A self-confessed hopeless case in the workshop, Matt Wragg was forced to learn one end of an allen key from the other... and with it inner peace
I’m not a natural mechanic. Bike parts break in my hands, bolts strip, threads rip and tools shatter. Many an evening I’d sheepishly besiege my mechanically-minded neighbour’s house, nursing the latest casualty of my heavy handedness like a wounded bird, hoping he could fix the mess I had made.
That all changed when I moved to Southern France. When your helpful neighbour is a continent away and a trip to a bike shop is at least an hour each way, self-sufficiency becomes important.
Tools came first, because tools are a good substitute for talent when you’re starting out. Having the right tool means that you are not improvising, and there are usually instructions to follow.
A workstand, good allen keys and adjustable wrenches were added to my toolbox. Soon specialist tools followed, bearing presses, EZ-outs, and a high pressure airline, finally a homemade work bench with a heavy duty vice.
My £9.99 tool box could no longer contain it all and a workshop began to take shape. Today it’s one of my favourite parts of the house, and installing some locking metal cupboards is my goal for this winter, possibly a heater too.
By having the right tools to hand, fewer bolts were being stripped and my bikes were ready to ride more of the time.
The final step was to look inwards.
The more time I spent working on bikes, the more I started to recognise my patterns.
Much of the time, the breakages came when I was being impatient, distracted or frustrated. My natural instinct is to pull hard on each and every tool, but as I slowed down I could pay more attention to how much force I used, to make sure things were lined up before I applied pressure.
The big breakthrough was learning how to be methodical. It may sound obvious, but realising that if I take a deep breath and plan my attack, I have a pretty good chance of fixing whatever is broken. Paying attention to my stress levels, and walking away when I start to get annoyed is another huge step.
Finally, I recognise the limits of my abilities – I could certainly open a fork damper, but the chance of me getting it back together in working condition are slim, so I recognise the point where I need to stop and take it to a professional.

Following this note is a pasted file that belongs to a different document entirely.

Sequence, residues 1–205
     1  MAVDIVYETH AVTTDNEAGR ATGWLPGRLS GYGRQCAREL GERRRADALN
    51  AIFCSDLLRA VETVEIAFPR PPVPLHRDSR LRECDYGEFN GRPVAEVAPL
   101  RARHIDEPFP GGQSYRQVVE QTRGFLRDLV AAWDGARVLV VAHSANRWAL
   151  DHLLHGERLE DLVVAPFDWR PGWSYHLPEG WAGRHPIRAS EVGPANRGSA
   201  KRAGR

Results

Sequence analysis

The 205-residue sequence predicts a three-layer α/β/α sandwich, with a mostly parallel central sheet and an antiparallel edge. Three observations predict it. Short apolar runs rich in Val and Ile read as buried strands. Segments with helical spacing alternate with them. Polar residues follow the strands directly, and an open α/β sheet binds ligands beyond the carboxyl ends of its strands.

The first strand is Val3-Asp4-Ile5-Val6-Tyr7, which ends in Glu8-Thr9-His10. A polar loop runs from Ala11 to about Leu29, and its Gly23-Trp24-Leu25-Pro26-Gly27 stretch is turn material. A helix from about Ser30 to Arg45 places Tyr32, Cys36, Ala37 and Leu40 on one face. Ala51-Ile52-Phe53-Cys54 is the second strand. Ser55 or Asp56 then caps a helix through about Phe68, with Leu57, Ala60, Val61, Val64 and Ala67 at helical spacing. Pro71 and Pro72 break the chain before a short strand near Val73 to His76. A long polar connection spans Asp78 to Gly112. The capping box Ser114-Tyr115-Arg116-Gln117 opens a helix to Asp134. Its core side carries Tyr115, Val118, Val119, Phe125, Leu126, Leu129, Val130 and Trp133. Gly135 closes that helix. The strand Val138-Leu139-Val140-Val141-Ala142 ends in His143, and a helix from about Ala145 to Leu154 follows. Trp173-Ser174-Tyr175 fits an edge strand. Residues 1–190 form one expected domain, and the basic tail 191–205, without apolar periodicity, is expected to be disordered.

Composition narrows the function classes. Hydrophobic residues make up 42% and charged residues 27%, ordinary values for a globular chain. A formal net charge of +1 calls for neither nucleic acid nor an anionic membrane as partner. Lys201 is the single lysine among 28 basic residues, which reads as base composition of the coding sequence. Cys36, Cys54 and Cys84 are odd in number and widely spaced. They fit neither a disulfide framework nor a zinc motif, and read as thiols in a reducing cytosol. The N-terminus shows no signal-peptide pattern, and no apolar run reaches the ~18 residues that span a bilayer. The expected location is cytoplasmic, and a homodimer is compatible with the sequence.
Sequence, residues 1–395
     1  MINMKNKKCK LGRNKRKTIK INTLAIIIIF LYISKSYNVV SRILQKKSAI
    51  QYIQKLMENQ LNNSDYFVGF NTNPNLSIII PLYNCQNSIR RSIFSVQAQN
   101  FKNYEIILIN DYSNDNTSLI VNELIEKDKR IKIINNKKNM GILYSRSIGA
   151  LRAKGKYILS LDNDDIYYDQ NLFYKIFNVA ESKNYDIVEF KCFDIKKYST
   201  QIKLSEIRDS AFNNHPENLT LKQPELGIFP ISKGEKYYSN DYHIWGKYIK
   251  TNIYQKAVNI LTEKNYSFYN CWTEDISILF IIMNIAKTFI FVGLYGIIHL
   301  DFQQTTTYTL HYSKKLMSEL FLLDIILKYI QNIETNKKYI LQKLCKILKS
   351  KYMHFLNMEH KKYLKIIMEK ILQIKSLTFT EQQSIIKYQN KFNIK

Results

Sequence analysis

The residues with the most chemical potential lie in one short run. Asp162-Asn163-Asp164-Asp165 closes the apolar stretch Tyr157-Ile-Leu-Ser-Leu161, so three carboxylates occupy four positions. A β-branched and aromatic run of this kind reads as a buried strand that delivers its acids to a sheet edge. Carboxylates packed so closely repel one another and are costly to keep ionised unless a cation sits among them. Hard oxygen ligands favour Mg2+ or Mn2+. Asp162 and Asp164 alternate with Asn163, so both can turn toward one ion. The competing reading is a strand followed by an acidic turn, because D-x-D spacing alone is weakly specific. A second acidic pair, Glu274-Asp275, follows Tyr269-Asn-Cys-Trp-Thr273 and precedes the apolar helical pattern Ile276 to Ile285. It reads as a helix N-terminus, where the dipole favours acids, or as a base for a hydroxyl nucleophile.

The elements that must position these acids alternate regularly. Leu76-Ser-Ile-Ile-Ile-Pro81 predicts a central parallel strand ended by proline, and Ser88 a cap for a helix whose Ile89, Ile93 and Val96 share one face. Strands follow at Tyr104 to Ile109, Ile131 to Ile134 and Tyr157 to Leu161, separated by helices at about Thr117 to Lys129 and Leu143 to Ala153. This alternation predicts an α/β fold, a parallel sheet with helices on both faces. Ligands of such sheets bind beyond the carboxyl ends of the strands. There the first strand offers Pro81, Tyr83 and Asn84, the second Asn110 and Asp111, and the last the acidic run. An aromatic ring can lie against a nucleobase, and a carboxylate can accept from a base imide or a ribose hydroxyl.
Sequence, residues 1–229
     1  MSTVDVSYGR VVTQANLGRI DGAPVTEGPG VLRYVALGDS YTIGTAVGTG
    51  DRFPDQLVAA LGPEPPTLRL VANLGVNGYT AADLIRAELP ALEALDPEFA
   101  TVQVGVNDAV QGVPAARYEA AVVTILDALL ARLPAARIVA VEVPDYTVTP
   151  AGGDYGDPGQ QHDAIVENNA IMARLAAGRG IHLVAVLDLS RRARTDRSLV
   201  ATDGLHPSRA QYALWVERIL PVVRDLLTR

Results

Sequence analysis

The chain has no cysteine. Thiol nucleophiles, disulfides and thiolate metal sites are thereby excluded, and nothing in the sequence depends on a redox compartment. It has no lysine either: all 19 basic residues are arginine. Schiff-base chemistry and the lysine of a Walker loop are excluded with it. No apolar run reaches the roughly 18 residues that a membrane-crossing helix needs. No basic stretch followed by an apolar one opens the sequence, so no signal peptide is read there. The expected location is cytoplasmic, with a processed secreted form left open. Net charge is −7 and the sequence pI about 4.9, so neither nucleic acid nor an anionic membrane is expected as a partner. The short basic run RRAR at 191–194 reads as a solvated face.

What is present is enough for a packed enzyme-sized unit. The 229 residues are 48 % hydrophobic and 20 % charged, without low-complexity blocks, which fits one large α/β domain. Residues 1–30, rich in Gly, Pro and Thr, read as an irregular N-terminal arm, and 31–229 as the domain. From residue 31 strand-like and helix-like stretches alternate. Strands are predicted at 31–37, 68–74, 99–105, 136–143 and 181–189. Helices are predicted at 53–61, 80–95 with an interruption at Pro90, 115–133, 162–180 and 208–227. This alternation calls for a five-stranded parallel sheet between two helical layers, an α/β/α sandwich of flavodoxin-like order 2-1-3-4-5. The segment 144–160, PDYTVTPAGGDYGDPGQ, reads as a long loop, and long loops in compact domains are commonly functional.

In the past, I would spiral. When the first thing went wrong, I would panic. Appalled at my own incompetence I would blunder forwards, hoping to set it right and prove myself worthy. Throw in my difficulty at judging my own strength and soon I’d have that small, but critical shard of broken bike lying accusingly on the floor.
Today, other than the internals of my suspension, I build my own bikes from the ground up. I have even got over my hatred for bleeding brakes. While I may never make it as a race mechanic, I do something that I think is even more remarkable and unexpected for me: I enjoy it.
Rather than a source of anxiety, time in the workshop has become an escape. When the world is fast and confusing, I can tune it all out and focus on getting just one small detail right.
What I did not expect when I started to become a better mechanic was how much it would affect the rest of my life too. That process of learning how to take a step back from the problem is useful in so many places – whether it’s a kitchen tap leaking water into the cupboard, a dry stone wall collapsing in the garden or changing brake pads on the car.
Today, when things go wrong, I know what to do. Maybe not specifically, but I know I can break the problem down into its component stages and plan a strategy for fixing it, and stop to get help when I am in over my head.
It may sound like an empty cliche, but learning to be a better bike mechanic has changed my life. Now if only people were as logical to figure out…
Who is Matt Wragg?
Matt is a freelance photographer and writer based near Nice, France. He has been a prominent voice in mountain bike journalism and photography for more than a decade, his passion is telling stories about the bicycles we ride and the people that ride them.
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